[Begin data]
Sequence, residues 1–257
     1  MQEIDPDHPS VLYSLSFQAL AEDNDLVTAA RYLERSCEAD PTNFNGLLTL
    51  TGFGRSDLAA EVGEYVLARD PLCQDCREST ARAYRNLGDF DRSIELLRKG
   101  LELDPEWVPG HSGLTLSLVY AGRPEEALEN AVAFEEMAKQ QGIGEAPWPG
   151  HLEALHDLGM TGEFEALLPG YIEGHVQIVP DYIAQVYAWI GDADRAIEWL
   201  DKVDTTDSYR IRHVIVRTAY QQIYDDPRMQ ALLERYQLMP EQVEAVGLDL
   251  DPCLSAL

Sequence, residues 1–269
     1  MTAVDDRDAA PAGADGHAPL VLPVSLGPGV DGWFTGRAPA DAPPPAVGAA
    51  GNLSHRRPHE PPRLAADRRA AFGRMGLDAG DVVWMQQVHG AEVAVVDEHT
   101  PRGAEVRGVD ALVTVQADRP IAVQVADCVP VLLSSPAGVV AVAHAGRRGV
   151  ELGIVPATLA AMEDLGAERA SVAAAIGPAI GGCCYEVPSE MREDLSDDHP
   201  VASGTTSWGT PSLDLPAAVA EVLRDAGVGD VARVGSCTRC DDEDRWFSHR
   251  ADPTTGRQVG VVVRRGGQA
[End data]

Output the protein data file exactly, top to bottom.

Sequence, residues 1–257
     1  MQEIDPDHPS VLYSLSFQAL AEDNDLVTAA RYLERSCEAD PTNFNGLLTL
    51  TGFGRSDLAA EVGEYVLARD PLCQDCREST ARAYRNLGDF DRSIELLRKG
   101  LELDPEWVPG HSGLTLSLVY AGRPEEALEN AVAFEEMAKQ QGIGEAPWPG
   151  HLEALHDLGM TGEFEALLPG YIEGHVQIVP DYIAQVYAWI GDADRAIEWL
   201  DKVDTTDSYR IRHVIVRTAY QQIYDDPRMQ ALLERYQLMP EQVEAVGLDL
   251  DPCLSAL

Sequence, residues 1–269
     1  MTAVDDRDAA PAGADGHAPL VLPVSLGPGV DGWFTGRAPA DAPPPAVGAA
    51  GNLSHRRPHE PPRLAADRRA AFGRMGLDAG DVVWMQQVHG AEVAVVDEHT
   101  PRGAEVRGVD ALVTVQADRP IAVQVADCVP VLLSSPAGVV AVAHAGRRGV
   151  ELGIVPATLA AMEDLGAERA SVAAAIGPAI GGCCYEVPSE MREDLSDDHP
   201  VASGTTSWGT PSLDLPAAVA EVLRDAGVGD VARVGSCTRC DDEDRWFSHR
   251  ADPTTGRQVG VVVRRGGQA